Developing, sustaining, and enhancing the organization’s process safety culture is one of five elements in the RBPS pillar of committing to process safety. This element describes what process safety culture means, what the attributes of a sound culture are, and how organizations might begin to enhance their own culture. Section 3.2 describes the key principles and essential features of a management system for this element. Section 3.3 lists work activities that support these essential features, and presents a range of approaches that might be appropriate for each work activity, depending on perceived risk, resources, and organizational culture. Sections 3.4 through 3.6 include (1) ideas to improve the effectiveness of management systems and specific programs that support this element, (2) metrics that could be used to monitor this element, and (3) issues that may be appropriate for management review.
What is it?
Process safety culture has been defined as, “the combination of group values and behaviors that determine the manner in which process safety is managed” . More succinct definitions include, “How we do things around here,” “What we expect here,” and “How we behave when no one is watching.” In an especially sound culture, deeply held values are reflected in the group’s actions, and newcomers are expected to endorse these values in order to remain part of the group.
Why is it Important?
Investigations of catastrophic events, such as the Longford gas plant explosion and the Piper Alpha disaster, have identified common process safety culture weaknesses that are often factors in other serious incidents. The values of the group (e.g., corporation, facility, shift team) can help shape the attitudes of the individual, which in turn, play a significant role in determining individual behaviors. A sound culture provides its members with the values necessary for understanding why strict adherence to procedures (one aspect of operating discipline) is the right thing to do.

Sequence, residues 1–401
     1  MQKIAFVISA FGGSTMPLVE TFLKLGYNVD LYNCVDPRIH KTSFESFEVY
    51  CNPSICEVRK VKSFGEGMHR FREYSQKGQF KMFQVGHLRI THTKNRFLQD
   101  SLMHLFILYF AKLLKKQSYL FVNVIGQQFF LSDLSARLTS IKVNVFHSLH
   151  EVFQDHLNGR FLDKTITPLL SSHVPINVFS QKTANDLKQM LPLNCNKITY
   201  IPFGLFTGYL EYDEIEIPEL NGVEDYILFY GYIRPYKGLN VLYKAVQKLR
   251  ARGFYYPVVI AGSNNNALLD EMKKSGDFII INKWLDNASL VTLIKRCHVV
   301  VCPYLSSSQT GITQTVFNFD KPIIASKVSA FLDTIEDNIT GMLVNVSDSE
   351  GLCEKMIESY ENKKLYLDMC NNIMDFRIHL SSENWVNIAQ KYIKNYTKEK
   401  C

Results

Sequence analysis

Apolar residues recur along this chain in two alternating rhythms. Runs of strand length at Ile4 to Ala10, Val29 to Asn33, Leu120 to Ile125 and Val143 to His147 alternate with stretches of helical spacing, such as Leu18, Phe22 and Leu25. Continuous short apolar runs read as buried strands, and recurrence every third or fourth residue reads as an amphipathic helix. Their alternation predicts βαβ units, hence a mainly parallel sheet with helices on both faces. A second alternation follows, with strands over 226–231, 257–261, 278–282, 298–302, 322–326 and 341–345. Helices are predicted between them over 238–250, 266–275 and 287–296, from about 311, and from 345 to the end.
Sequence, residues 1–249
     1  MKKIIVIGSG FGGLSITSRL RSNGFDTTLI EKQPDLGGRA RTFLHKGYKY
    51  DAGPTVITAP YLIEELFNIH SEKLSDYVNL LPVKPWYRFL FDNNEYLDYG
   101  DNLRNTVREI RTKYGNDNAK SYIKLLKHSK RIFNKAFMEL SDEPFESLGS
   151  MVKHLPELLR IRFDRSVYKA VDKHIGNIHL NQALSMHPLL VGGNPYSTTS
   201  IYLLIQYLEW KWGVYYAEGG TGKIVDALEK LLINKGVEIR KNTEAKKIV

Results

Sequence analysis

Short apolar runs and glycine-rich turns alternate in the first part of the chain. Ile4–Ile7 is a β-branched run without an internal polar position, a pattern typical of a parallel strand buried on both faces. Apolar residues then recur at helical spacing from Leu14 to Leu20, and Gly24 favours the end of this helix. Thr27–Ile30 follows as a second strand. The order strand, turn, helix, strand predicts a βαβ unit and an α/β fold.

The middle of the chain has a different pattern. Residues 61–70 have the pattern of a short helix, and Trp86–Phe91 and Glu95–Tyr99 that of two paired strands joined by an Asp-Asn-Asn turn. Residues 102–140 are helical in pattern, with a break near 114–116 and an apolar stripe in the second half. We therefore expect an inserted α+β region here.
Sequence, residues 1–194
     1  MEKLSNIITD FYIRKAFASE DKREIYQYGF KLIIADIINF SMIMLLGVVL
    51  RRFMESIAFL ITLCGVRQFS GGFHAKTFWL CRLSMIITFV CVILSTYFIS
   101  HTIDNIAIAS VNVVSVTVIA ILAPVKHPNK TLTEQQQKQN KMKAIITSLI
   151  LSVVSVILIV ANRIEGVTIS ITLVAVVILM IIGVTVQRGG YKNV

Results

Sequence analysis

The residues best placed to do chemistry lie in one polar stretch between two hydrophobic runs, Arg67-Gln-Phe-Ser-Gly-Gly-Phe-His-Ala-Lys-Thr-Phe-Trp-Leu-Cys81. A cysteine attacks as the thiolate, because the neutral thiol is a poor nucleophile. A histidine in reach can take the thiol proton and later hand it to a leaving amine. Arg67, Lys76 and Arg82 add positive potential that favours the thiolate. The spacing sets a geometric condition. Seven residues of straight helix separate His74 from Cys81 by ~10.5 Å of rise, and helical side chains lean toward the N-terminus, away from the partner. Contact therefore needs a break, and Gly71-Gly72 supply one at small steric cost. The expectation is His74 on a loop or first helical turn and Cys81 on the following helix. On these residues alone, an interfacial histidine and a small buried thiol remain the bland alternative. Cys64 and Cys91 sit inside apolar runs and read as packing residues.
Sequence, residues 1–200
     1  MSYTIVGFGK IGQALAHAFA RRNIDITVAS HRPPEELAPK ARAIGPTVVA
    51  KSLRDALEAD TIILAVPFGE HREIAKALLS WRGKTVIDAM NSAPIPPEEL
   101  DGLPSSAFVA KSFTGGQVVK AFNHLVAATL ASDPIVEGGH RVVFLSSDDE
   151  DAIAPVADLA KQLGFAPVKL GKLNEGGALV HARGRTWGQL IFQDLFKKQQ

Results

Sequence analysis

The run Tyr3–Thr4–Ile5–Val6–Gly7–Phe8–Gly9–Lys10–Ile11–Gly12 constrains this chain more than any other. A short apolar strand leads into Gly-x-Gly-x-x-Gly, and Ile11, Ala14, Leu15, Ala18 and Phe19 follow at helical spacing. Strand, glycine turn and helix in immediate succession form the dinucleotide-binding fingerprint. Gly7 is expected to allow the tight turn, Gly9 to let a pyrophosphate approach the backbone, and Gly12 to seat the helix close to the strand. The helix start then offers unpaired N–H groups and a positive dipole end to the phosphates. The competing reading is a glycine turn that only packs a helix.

Where/When is it Done?
Efforts to nurture and sustain a sound process safety culture must occur everywhere, from the boardroom to the production floor. Organizations that have determined the need for significant enhancement of their culture should take calculated action, recognizing that this is a long-term effort that will require dedicated resources for as long as the organization exists. While the behaviors and attitudes associated with a sound culture, once established, should become the norm for members of the organization, staff turnover will continually require the instilling of group values and attitudes in new members of the organization.
Who Does it?
Everyone in the organization has a role in process safety culture. The leadership of an organization has the primary responsibility for identifying the need for, and fostering, cultural change and for sustaining a sound culture once it is established. However, similar to the concept of safety as a line responsibility, the responsibility for fostering and maintaining a sound culture cascades down through the organization.
What Is the Anticipated Work Product?
The anticipated work product is a sound culture that (1) incorporates the features discussed in Section 3.2 and (2) maximizes the effectiveness of all other RBPS elements and the overall safety management system.
How Is It Done?
Successful cultural change requires that expectations of new attitudes and behaviors be communicated and reinforced, that these new attitudes and behaviors demonstrate successful results, and that the members of the organization recognize and appreciate the resulting successes (Ref. 3.2).
Acceptable behaviors must be modeled at all levels of the organization through leadership by example. The rationale for, and anticipated benefits of, expected behaviors must be made evident to all. Positive reinforcement and accountabilities for expected behaviors must be clear and certain.